1969 Ford Ranchero
8-cyl. 351cid/290hp 4bbl
We update the Hagerty Price Guide each quarter. Sign up for alerts and we'll notify you about value changes for the cars you love.
With an experienced team and a lot of data.
1966 was a transitional year for Ford’s car-based pickup. Both the Falcon and the Fairlane now shared the same 113-inch wheelbase used for station wagons and for the Ranchero. Up front, it used Falcon sheet metal, but from the cab back it was more closely related to the Fairlane. The evolution from the Falcon came to fruition in 1967, when the Ranchero’s front clip was now the same as the Fairlane. 1967 Also saw a renaming of the upper two Ranchero equipment packages. The Custom became the Ranchero 500 while the Custom with bucket seats became Ranchero 500 XL, which also included a center console.
1967 was also the first year that the Ranchero started to have some muscle car aspirations. Two 390 cubic inch V-8s were now available. One was a mild 270-hp with two-barrel carburetor and the other was a much hotter 320-hp four-barrel unit from the Fairlane GT. In 1968, the restyled Ranchero went from aspiring to be a muscle car to full-on being one with the new GT package. While at the start of the model year the same low and high performance 390s were still around, it got serious mid-year when the 428 Cobra Jet was also made available. More and bigger engines were the big news for 1969. The six was now 250 cubic inches, the small V-8 grew to 302 cubic inches, and two flavors of a new 351 V-8 were available. Even the 428 Cobra Jet saw bigger numbers with optional ram air induction good for 360 hp.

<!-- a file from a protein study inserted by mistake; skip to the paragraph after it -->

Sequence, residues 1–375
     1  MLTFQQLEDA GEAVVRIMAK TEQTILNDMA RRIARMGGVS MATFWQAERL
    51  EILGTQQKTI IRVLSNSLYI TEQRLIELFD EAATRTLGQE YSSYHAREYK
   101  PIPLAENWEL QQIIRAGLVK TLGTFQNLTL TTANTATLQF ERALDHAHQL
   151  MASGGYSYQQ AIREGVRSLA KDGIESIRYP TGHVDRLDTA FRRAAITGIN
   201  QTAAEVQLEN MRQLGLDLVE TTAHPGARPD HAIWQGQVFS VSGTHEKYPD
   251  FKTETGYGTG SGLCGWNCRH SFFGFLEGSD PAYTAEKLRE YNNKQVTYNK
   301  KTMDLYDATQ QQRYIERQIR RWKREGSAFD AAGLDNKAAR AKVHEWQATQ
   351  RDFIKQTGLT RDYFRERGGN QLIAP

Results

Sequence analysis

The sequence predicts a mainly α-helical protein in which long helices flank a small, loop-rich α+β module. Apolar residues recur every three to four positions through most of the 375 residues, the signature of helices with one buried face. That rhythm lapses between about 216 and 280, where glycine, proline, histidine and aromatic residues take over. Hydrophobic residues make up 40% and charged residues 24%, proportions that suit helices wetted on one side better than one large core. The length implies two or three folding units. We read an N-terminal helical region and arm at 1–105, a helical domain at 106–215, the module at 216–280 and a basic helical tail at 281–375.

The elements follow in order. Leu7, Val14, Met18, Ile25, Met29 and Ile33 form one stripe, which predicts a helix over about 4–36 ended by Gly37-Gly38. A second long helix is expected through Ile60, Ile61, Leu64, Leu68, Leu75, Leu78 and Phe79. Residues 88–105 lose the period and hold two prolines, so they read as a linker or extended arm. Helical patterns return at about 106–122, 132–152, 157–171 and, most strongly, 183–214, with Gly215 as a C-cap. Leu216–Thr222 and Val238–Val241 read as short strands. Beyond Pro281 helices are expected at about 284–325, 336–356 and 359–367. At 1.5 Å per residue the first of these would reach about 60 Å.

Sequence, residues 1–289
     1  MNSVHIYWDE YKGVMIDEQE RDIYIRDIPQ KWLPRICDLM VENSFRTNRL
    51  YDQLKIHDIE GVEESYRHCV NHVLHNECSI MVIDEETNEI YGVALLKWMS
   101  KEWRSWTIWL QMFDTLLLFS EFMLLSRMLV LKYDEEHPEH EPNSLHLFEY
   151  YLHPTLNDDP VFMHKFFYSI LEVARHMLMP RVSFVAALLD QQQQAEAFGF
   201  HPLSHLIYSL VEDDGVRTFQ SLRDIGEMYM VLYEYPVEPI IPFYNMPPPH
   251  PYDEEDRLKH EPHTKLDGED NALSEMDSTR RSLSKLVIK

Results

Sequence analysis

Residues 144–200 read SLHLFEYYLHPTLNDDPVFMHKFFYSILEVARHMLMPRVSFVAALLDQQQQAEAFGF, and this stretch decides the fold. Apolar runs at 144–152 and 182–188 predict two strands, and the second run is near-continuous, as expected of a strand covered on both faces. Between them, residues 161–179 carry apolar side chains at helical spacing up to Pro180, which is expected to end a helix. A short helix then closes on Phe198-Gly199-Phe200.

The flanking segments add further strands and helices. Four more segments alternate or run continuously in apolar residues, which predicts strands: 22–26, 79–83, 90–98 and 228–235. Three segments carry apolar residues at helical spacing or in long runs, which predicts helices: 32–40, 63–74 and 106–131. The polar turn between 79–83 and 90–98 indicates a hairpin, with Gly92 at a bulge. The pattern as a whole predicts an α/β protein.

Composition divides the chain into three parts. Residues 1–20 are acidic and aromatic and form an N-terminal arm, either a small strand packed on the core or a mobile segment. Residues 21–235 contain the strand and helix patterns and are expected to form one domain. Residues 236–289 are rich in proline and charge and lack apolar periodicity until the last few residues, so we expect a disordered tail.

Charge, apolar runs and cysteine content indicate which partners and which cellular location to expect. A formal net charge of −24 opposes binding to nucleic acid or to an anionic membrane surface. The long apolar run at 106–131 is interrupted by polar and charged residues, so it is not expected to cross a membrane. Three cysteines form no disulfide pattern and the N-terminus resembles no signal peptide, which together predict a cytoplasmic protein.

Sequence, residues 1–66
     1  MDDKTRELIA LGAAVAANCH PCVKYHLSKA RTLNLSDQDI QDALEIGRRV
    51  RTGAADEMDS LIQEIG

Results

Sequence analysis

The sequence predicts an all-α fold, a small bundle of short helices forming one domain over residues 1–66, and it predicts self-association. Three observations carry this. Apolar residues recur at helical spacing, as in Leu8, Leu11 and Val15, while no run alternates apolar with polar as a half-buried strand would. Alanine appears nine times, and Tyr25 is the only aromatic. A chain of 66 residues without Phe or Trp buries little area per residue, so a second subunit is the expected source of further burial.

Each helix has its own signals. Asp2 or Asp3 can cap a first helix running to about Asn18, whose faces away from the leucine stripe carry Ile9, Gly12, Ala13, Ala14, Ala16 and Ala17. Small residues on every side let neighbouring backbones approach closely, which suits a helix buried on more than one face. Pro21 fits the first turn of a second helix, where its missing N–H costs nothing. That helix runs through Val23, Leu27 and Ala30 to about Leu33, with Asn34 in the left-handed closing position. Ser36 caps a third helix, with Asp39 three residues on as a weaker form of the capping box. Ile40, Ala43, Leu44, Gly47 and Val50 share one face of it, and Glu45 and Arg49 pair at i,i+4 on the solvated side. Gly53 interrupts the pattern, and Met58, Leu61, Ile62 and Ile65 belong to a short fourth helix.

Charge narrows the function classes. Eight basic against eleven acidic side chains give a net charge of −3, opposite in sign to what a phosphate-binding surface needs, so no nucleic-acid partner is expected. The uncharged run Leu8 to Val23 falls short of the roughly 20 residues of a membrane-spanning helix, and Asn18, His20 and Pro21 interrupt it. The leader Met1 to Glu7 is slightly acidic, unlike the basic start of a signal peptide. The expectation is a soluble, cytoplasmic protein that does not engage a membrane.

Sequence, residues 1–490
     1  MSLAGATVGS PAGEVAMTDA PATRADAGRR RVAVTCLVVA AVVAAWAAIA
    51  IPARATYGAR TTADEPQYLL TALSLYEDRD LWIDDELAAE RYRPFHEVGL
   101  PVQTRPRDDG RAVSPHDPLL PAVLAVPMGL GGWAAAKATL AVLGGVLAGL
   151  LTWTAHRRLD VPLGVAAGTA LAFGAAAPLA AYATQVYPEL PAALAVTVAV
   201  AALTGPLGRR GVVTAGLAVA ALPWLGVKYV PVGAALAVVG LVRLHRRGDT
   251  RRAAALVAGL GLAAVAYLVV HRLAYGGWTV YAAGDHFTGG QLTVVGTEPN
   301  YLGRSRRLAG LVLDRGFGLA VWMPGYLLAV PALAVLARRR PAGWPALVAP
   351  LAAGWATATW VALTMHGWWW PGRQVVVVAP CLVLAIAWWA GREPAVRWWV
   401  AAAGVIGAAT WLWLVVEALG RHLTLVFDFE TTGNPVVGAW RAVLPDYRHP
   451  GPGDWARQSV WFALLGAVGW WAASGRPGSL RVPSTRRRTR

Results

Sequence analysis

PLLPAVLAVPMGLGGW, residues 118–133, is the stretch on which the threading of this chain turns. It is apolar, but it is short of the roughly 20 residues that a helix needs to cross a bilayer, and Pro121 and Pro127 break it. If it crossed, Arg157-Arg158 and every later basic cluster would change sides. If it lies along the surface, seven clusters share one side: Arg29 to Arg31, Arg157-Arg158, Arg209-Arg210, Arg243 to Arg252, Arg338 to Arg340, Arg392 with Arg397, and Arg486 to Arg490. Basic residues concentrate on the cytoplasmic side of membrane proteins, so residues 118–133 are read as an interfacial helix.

With revised styling and a few changes in engine availability in 1970, the Ranchero was starting to become more of a personal luxury truck. New was the Ranchero Squire, and like the top-of-the-line Squire package Ford wagons, it featured woodgrain body appliqués. 1971 was the last year of the high performance engines, as not only did they started to get detuned or discontinued, but their horsepower ratings changed with the rest of the industry to the new SAE standard for 1972. That year also saw the all new platform get markedly bigger, with its most prominent feature being a large grille that mimicked the Louisville line heavy-duty trucks. Safety legislation for 1973 saw the front end redesigned to incorporate large 5 mph rated bumpers, with only minor styling tweaks through 1976 (aside from the addition of catalytic converters in 1975).